Diarrhea, a multifactorial disease

Acute diarrhea is defined as the abrupt onset of three or more loose stools per day with increased water content, volume, or frequency and which lasts no longer than 14 days.1,2 However, in healthy people the frequency of passing stool can range from several times a day to several times per week.3 Conversely, chronic or persistent diarrhea is defined as an episode that lasts longer than 14 days.


Acute diarrhea is a multifactorial disease, with a complex pathophysiology

Infectious causes include:

Viruses, bacterial and and occasionally parasites.2
Viral gastroenteritis is the most common cause of diarrhea and is generally self - limitating.2

Non-infectious causes include:

Adverse effects of medication, acute abdominal processes, gastroenterological disease and endocrine disease.2

The alteration of the intestinal microbiota, irrespective of cause, is a significant contributing factor to diarrhea. An unbalanced or disturbed microbiota is a predisposing factor to aberrant inflammatory responses, which can lead to the intestinal barrier becoming compromised promoting further inflammation, electrolyte leakage and impaired nutrient absorption.4

Antibiotic - associated diarrhea

One mechanism by which antibiotics cause diarrhea is by upsetting the balance of bacteria in the microbiota, with a resultant decrease in bacterial fermentation and an increase in undigested carbohydrates in the faeces.5 Treatment includes methods of re - establishing the balance to the microbiota, which can include postbiotics such as Lactéol®.6 Postbotics have a demonstrated efficacy in the treatment of antibotic - associated diarrhea,6,7 and because they have been inactivated, they can be safely co - administrated with antibiotics, without impact on its efficacy.8


There are a four mechanisms that contribute to diarrhea, these may be present alone or in combinations.3 All mechanisms govern water flow between the body and the gut lumen.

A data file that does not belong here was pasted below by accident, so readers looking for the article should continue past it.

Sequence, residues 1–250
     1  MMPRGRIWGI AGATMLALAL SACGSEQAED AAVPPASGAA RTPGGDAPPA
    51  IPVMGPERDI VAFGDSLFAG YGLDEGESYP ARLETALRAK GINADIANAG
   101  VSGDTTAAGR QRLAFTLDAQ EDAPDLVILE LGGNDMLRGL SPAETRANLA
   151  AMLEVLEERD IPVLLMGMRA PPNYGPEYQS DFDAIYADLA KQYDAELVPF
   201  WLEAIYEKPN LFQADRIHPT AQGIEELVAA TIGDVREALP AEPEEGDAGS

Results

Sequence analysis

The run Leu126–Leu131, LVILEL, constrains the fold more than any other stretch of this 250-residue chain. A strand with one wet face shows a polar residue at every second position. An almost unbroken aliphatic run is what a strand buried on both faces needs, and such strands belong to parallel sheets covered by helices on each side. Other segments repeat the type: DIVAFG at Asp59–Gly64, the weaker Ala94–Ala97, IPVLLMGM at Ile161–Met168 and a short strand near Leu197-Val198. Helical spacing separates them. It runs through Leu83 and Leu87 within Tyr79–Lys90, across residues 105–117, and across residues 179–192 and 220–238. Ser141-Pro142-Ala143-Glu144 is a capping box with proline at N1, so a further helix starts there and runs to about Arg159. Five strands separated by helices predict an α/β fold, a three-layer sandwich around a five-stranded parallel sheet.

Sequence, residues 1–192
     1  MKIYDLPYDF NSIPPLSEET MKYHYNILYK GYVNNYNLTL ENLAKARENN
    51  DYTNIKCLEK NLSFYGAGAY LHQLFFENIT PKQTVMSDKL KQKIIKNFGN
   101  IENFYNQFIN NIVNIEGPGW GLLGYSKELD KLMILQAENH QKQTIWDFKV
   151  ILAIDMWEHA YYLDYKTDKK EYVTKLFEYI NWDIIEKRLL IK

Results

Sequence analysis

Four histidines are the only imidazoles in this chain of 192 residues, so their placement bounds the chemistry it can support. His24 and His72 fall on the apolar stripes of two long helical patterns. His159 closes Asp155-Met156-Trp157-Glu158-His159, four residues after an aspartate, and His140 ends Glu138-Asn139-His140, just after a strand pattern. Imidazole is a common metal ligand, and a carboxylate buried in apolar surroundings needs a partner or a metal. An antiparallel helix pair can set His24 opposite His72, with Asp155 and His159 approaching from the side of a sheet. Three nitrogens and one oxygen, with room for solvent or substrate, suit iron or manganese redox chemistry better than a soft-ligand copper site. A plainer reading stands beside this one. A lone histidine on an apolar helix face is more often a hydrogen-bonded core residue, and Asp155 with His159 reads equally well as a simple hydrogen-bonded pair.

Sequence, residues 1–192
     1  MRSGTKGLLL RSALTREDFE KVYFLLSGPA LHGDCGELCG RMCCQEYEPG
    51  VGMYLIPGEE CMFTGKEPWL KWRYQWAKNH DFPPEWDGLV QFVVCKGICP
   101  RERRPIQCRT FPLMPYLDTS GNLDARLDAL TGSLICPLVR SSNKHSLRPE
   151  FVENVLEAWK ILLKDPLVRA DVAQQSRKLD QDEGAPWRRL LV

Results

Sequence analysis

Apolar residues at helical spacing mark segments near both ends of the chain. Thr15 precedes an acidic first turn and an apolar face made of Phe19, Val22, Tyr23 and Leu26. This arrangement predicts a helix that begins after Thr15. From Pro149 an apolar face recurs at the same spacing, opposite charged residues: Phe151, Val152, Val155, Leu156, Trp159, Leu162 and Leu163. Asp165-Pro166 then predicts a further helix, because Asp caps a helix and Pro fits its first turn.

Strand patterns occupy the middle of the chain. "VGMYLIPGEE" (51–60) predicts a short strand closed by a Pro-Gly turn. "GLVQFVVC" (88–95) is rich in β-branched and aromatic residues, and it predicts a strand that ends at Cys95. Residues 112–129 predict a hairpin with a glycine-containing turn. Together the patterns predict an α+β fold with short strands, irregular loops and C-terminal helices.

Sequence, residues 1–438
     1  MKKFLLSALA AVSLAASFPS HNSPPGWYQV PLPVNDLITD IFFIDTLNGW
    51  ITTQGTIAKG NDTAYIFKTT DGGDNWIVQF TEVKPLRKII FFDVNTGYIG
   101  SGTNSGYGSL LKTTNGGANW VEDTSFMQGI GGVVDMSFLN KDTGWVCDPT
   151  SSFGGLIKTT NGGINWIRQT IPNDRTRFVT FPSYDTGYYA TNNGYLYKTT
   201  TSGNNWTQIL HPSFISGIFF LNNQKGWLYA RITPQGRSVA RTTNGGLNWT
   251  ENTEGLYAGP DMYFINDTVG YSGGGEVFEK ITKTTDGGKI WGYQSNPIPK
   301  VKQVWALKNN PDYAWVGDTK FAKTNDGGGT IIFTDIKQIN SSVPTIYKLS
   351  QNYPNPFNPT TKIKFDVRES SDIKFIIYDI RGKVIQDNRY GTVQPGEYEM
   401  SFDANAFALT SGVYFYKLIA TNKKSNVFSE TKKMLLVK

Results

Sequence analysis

• Increased luminal osmolarity resulting in water flow into the gut lumen from the body
  • Decreased fluid absorption from the gut, often following damage to the mucosa
  • Hyper - secretion of electrolytes into the gut lumen in response to agents such as microbial toxins: the increase in electrolyte concentration results in water flow into the gut from the body
  • An increase in intestinal motility and a decrease in intestinal transit time, this results in a decrease in the amount of water that is absorbed from the gut lumen


Laboratory work and stool culture are generally not required2

As diarrhea is generally self - limiting, a laboratory workup and stool culture are not required for most patients. Diagnostic investigation is usually reserved for those patients with severe dehydration, persistent fever, bloody stool, immunosuppression and where a nosocomial outbreak is suspected.2

In these serious cases, a 5 - step approach to defining the diarrhea may be helpful:9

Does the patient really have diarrhea? Beware of faecal incontinence and impaction

Rule out medications as a cause of diarrhea

Differentiate acute from chronic diarrhea

Categorise the diarrhea as inflammatory, fatty or watery

Consider spurious diarrhea

In general practice, patients presenting with diarrhea should be evaluated for signs of dehydration, namely: decreased urine output, thirst, dizziness and change in mental status.2 The primary goal of the physical examination is to assess the degree of dehydration.2

Vomiting is more suggestive of a viral illness or an ingested bacterial toxin; whereas, fever, tenesmus and bloody stool are suggestive of a bacterial infection.2

Management of diarrhea

The goals of diarrhea management are threefold:2


Prevent or reverse dehydration with oral rehydration therapy


Reduce the duration and the intensity of the diarrhea


Fight the causal micro - organism infection, if there is one

Oral rehydration therapy is the universally - recommend treatment 10 ‑ 12